1 Andrew Sheridan (loose head, Sale)
Has finally proved himself as fearsome as his potential by wrecking Australia's scrum and flattening defenders all over.
2 Mark Regan (hooker; Bristol)
What a comeback by the veteran, who may be a flashback in stature but who just loves squaring up to the young guys. As much heart as banter.
3 Phil Vickery (tight head; capt; Wasps)
The captain who has had to be fantastic merely to keep out Matt Stevens.
4 Simon Shaw (lock; Wasps)
Missed out on three previous World Cups, but has now emerged as one of England's most impressive and uncompromising of operators.
5 Ben Kay (lock; Leicester)
Makes the line-out calls and is thus so important. Quietly effective, he has played every minute of the tournament.
6 Martin Corry (blindside; Leicester)
What you see is what you get – commitment, commitment and more commitment. Has refused to be bowed by setbacks.
7 Lewis Moody (openside; Leicester)
Has a complete disregard for his own safety, which is just what England needed. His "kamikaze" charges are a focal point of the resurgence.
8 Nick Easter (No 8; Harlequins)
Brian Ashton spotted what few others did in this late-developer, although his worth has become blessedly noticeable.
9 Andy Gomarsall (scrum-half; Harlequins)
Turning out for a pub side a year ago, suddenly he is playing champagne rugby. The main reason for England's transformation, choosing the right option consistently.
10 Jonny Wilkinson (outside-half; Newcastle)
Despite a faulty kicking radar and patchy passing game, he is still the one England look to and the one opponents fear most.
11 Mark Cueto (left wing; Sale)
In because of Josh Lewsey's injury and needs to rediscover the finishing prowess and tackling of old.
12 Mike Catt (inside centre; London Irish)
The oldest player ever to appear in a final, Catt has plenty still to offer. Is Wilkinson's safety net and was man of the match in the semi-final.
13 Mathew Tait (outside centre; Newcastle)
His tackling last week was a revelation and if he can conjure up a line break or two could be England's secret weapon. Young but experienced.
14 Paul Sackey (right wing; Wasps)
Has established himself as a class finisher but also as a quality defender. Adds enthusiasm and vigour to the backline.
15 Jason Robinson (full-back; Sale)
England's one world-class attacker who will bow out after tonight. The jinks, the hop, the explosive burst? They will all be missed by every rugby fan.
1 Os du Randt (loose head, Free State)
Sole survivor of the 1995 World Cup-winning team has made a remarkable comeback as the cornerstone of Springbok pack.
2 John Smit (hooker; capt; Sharks)
Inspirational captain who leads from the front with unerring ability to find his man in the line-outs.
3 C J van der Linde (tight head; Free State)
A versatile prop who can play either side of the scrum, but who is not quite the force of the injured B J Botha. Will not buckle easily, however.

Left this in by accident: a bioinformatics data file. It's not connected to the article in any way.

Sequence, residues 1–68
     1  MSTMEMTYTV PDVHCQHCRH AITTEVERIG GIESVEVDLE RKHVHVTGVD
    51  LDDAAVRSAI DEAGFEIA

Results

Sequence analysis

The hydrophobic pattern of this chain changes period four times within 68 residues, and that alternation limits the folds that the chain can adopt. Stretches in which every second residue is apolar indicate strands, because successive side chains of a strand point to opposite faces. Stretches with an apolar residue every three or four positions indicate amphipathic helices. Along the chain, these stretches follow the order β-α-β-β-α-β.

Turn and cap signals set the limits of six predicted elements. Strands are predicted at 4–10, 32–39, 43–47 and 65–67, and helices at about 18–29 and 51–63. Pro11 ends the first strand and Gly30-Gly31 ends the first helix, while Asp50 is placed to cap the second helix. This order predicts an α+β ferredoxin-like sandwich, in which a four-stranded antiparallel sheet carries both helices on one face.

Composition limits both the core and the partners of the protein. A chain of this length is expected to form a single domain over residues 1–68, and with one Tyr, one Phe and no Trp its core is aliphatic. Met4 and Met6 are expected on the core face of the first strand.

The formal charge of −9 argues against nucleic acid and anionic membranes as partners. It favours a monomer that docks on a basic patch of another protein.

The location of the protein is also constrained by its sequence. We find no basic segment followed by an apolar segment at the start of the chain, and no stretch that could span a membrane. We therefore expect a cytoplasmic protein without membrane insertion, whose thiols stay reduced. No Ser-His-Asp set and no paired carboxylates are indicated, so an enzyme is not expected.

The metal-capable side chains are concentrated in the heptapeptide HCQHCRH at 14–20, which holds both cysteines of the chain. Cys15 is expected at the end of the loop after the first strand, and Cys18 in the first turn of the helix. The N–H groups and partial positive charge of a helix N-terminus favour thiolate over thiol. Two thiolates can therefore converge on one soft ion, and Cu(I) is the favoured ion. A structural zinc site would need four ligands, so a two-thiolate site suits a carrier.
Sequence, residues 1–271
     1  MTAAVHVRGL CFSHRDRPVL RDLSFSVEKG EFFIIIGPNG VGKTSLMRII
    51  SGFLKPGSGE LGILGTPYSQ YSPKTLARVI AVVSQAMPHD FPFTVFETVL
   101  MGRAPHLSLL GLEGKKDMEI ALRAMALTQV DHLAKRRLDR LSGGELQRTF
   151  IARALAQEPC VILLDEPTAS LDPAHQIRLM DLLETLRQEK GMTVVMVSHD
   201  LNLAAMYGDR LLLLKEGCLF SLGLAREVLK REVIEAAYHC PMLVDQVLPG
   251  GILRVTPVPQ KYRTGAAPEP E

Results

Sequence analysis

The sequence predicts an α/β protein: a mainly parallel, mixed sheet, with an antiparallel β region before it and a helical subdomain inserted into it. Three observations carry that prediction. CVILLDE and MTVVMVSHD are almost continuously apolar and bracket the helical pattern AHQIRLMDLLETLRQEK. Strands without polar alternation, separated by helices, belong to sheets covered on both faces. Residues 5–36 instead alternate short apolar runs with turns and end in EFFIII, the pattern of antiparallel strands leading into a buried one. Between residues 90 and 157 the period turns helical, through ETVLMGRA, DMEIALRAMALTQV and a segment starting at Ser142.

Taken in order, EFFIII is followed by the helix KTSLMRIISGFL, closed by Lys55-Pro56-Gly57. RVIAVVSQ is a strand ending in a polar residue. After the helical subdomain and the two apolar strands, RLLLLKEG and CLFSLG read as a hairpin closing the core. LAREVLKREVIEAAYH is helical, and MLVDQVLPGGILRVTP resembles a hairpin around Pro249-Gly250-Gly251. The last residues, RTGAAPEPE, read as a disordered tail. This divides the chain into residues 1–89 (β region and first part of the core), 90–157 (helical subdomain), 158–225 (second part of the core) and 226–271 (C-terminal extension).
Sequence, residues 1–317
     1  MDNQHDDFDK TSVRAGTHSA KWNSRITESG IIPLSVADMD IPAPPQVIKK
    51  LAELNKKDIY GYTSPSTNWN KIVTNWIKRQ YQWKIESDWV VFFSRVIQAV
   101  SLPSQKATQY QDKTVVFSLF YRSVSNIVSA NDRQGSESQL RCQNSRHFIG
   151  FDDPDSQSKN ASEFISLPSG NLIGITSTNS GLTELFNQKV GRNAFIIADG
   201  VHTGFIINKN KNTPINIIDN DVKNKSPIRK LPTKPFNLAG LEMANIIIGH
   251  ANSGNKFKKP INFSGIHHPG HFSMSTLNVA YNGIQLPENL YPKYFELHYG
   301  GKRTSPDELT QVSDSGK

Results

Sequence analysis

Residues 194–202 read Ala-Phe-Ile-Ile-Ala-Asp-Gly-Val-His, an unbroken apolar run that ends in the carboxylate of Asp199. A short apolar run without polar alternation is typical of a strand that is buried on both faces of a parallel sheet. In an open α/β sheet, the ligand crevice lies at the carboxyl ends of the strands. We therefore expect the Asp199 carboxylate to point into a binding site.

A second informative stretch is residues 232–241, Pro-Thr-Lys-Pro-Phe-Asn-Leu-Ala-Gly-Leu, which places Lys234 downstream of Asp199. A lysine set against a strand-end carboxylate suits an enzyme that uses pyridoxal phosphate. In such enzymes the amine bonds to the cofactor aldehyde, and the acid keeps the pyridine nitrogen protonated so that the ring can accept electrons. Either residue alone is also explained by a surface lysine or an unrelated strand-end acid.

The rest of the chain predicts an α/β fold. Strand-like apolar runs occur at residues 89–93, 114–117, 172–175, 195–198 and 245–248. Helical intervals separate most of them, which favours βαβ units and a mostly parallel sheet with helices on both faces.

4 Bakkies Botha (lock; Bulls)
Huge presence in the line-out, helping to form the best second-row partnership in the world. Not used to taking backward steps.
5 Victor Matfield (lock; Bulls)
Towering in both stature and influence, the Super-14 winning captain is one of the Springboks' biggest danger men.
6 Schalk Burger (blindside; Western Province)
Has added craft to the graft and is now on the way to being the complete back-row forward.
7 Juan Smith (openside; Free State)
So much more than the expert scavenger, he is also one the Boks' most destructive runners with ball in hand. Must be pinned down and quickly.
8 Danie Rossouw (No 8; Bulls)
Solid is the only word to describe this immense performer who loves to take the ball forward. Has pace to go with the muscle.
9 Fourie du Preez (scrum-half; Bulls)
Many people's idea of the best player in the world, South Africa's linchpin is seemingly without a weakness.
10 Butch James (outside-half; Sharks)
Not flashy, but does everything right at the right time, especially releasing the speedsters outside. Also a fine place-kicker.
11 Bryan Habana (left wing; Bulls)
The star of the tournament so far with the instinct of a predator and the searing pace to cut his prey open. South Africa's cutting edge
12 Francois Steyn (inside centre; Sharks)
Sickeningly talented youngster with a truly terrifying boot. Prone to the odd mistake, but also to the odd 60m drop goal.
13 Jaque Fourie (outside centre; Lions)
Almost as rapid as Habana and almost as obsessed with that try line as well. Remarkable record of 20 tries in 36 Tests.
14 J P Pietersen (right wing; Sharks)
So much more dangerous than he looks, his running style is best described as loping, but often catches defences napping.
15 Percy Montgomery (full-back; Sharks)
The most experienced Springbok in history has a goalkicking record to die for and, in his opinion, flowing locks to die for as well.Reuse content